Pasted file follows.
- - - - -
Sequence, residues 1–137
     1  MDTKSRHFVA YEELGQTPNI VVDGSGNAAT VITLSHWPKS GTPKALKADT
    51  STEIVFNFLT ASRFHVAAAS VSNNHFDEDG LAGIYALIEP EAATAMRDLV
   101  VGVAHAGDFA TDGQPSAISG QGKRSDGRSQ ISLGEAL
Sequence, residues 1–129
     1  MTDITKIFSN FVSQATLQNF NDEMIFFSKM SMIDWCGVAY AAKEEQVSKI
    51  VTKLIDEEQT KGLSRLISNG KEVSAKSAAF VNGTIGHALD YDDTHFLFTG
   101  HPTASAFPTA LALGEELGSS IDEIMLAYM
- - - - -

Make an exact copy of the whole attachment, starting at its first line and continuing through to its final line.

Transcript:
Sequence, residues 1–137
     1  MDTKSRHFVA YEELGQTPNI VVDGSGNAAT VITLSHWPKS GTPKALKADT
    51  STEIVFNFLT ASRFHVAAAS VSNNHFDEDG LAGIYALIEP EAATAMRDLV
   101  VGVAHAGDFA TDGQPSAISG QGKRSDGRSQ ISLGEAL
Sequence, residues 1–129
     1  MTDITKIFSN FVSQATLQNF NDEMIFFSKM SMIDWCGVAY AAKEEQVSKI
    51  VTKLIDEEQT KGLSRLISNG KEVSAKSAAF VNGTIGHALD YDDTHFLFTG
   101  HPTASAFPTA LALGEELGSS IDEIMLAYM